Applying this definition to our asset in some examples:- Compared with the benchmark SPY (0.91) in the period of the last 5 years, the excess return divided by the downside deviation of 0.17 of Ross Stores is lower, thus worse.
- Looking at excess return divided by the downside deviation in of 0.38 in the period of the last 3 years, we see it is relatively lower, thus worse in comparison to SPY (0.76).

'Ulcer Index is a method for measuring investment risk that addresses the real concerns of investors, unlike the widely used standard deviation of return. UI is a measure of the depth and duration of drawdowns in prices from earlier highs. Using Ulcer Index instead of standard deviation can lead to very different conclusions about investment risk and risk-adjusted return, especially when evaluating strategies that seek to avoid major declines in portfolio value (market timing, dynamic asset allocation, hedge funds, etc.). The Ulcer Index was originally developed in 1987. Since then, it has been widely recognized and adopted by the investment community. According to Nelson Freeburg, editor of Formula Research, Ulcer Index is “perhaps the most fully realized statistical portrait of risk there is.'

Using this definition on our asset we see for example:- Compared with the benchmark SPY (9.32 ) in the period of the last 5 years, the Ulcer Ratio of 19 of Ross Stores is higher, thus worse.
- During the last 3 years, the Ulcer Index is 15 , which is larger, thus worse than the value of 10 from the benchmark.

'A maximum drawdown is the maximum loss from a peak to a trough of a portfolio, before a new peak is attained. Maximum Drawdown is an indicator of downside risk over a specified time period. It can be used both as a stand-alone measure or as an input into other metrics such as 'Return over Maximum Drawdown' and the Calmar Ratio. Maximum Drawdown is expressed in percentage terms.'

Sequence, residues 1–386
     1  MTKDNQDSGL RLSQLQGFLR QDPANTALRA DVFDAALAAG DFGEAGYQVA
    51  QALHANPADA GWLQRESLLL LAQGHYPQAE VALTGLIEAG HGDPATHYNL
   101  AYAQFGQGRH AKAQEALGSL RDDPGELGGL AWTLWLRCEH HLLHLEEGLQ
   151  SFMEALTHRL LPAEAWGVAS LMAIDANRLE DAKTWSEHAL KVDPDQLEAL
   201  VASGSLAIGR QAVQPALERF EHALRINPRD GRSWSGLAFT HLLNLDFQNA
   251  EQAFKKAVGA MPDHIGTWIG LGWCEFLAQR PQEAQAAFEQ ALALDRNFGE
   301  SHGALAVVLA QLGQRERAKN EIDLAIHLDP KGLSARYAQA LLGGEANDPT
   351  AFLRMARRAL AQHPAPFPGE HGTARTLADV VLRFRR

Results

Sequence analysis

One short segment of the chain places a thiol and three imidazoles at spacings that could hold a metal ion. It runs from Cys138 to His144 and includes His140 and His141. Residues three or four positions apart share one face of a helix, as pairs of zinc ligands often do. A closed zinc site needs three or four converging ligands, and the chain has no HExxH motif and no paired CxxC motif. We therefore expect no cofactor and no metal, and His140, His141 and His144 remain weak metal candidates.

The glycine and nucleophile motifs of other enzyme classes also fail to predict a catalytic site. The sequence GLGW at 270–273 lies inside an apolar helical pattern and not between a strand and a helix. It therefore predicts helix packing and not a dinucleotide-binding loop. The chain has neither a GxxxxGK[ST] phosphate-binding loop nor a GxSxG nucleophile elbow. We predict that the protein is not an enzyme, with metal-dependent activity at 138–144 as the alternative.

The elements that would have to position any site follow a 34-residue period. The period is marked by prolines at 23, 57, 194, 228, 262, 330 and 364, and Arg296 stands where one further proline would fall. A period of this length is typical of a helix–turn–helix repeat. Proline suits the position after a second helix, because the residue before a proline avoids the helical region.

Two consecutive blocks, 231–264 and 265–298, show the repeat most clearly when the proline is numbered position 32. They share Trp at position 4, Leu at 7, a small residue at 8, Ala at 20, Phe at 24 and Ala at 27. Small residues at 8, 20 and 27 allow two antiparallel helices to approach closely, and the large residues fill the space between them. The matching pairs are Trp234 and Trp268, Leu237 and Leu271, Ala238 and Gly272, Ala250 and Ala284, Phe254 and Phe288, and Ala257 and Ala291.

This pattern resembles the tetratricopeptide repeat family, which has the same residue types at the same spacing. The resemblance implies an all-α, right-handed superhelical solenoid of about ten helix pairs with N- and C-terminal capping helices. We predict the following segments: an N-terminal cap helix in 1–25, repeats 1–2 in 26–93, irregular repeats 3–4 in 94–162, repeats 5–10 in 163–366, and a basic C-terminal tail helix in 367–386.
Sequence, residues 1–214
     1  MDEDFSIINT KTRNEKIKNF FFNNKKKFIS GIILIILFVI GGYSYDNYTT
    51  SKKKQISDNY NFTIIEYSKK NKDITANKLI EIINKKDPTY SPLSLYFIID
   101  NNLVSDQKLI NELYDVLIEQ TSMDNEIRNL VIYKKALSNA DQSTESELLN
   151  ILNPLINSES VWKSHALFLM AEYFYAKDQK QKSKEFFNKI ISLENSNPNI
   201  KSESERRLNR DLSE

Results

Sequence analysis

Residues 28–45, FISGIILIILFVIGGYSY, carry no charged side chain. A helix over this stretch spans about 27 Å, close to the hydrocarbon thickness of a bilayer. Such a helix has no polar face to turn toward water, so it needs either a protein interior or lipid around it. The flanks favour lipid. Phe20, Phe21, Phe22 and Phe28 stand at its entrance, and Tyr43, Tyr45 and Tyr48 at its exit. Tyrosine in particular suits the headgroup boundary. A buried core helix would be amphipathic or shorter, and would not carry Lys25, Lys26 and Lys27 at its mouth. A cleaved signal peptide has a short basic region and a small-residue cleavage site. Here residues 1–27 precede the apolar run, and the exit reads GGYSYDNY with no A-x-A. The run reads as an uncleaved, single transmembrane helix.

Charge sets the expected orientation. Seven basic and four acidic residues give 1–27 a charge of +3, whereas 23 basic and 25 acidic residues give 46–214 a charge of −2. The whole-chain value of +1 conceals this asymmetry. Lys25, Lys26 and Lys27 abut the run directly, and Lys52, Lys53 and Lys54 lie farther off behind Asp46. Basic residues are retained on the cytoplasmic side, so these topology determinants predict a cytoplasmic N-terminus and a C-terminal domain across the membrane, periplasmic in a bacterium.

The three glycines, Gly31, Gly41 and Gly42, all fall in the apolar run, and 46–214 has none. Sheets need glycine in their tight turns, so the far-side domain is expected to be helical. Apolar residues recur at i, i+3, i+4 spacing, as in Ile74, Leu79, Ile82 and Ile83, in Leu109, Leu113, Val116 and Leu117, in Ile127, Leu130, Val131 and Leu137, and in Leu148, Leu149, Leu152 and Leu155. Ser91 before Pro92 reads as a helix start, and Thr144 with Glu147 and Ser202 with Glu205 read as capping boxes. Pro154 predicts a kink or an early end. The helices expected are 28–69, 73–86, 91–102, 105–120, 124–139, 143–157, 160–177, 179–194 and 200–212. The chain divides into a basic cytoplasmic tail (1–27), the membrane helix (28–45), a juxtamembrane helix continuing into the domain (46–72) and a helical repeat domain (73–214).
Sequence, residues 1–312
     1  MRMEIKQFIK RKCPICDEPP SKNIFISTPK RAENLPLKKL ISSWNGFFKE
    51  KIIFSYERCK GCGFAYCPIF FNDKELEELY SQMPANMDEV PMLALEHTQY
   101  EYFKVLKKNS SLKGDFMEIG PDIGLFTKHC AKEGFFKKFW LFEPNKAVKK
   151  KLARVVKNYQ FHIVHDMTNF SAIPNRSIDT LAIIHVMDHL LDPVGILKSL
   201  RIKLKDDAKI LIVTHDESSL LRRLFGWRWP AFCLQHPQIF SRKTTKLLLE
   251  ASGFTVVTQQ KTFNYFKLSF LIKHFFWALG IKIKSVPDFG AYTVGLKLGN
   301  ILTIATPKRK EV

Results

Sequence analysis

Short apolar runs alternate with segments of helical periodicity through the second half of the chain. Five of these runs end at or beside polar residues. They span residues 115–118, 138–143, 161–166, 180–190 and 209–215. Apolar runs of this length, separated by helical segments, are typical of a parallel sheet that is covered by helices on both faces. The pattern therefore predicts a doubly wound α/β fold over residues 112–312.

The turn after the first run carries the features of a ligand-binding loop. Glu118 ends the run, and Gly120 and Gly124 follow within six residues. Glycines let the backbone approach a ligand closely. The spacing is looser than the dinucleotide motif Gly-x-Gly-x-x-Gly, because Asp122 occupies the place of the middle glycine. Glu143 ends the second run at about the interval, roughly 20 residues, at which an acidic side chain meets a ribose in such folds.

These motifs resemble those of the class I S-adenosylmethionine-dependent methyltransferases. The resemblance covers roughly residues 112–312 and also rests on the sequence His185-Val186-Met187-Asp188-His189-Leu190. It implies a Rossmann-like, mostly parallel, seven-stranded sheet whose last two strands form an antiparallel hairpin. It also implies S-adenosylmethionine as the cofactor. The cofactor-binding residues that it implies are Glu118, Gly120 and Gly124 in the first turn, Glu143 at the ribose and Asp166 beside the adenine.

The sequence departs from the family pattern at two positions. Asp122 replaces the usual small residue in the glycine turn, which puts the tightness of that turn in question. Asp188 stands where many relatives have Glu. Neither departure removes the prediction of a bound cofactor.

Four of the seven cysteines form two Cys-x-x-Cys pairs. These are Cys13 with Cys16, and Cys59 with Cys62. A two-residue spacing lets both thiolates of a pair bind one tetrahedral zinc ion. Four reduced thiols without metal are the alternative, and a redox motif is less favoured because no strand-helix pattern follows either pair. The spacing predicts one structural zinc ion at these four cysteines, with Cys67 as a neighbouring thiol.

Using this definition on our asset we see for example:- Looking at the maximum DrawDown of -51.4 days in the last 5 years of Ross Stores, we see it is relatively smaller, thus worse in comparison to the benchmark SPY (-33.7 days)
- Looking at maximum reduction from previous high in of -40.7 days in the period of the last 3 years, we see it is relatively lower, thus worse in comparison to SPY (-24.5 days).

'The Drawdown Duration is the length of any peak to peak period, or the time between new equity highs. The Max Drawdown Duration is the worst (the maximum/longest) amount of time an investment has seen between peaks (equity highs) in days.'

Using this definition on our asset we see for example:- The maximum days below previous high over 5 years of Ross Stores is 638 days, which is higher, thus worse compared to the benchmark SPY (488 days) in the same period.
- During the last 3 years, the maximum time in days below previous high water mark is 269 days, which is smaller, thus better than the value of 488 days from the benchmark.

'The Drawdown Duration is the length of any peak to peak period, or the time between new equity highs. The Avg Drawdown Duration is the average amount of time an investment has seen between peaks (equity highs), or in other terms the average of time under water of all drawdowns. So in contrast to the Maximum duration it does not measure only one drawdown event but calculates the average of all.'

Which means for our asset as example:- Looking at the average time in days below previous high water mark of 201 days in the last 5 years of Ross Stores, we see it is relatively greater, thus worse in comparison to the benchmark SPY (124 days)
- Compared with SPY (179 days) in the period of the last 3 years, the average time in days below previous high water mark of 76 days is smaller, thus better.

Historical returns have been extended using synthetic data.
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- Note that yearly returns do not equal the sum of monthly returns due to compounding.
- Performance results of Ross Stores are hypothetical and do not account for slippage, fees or taxes.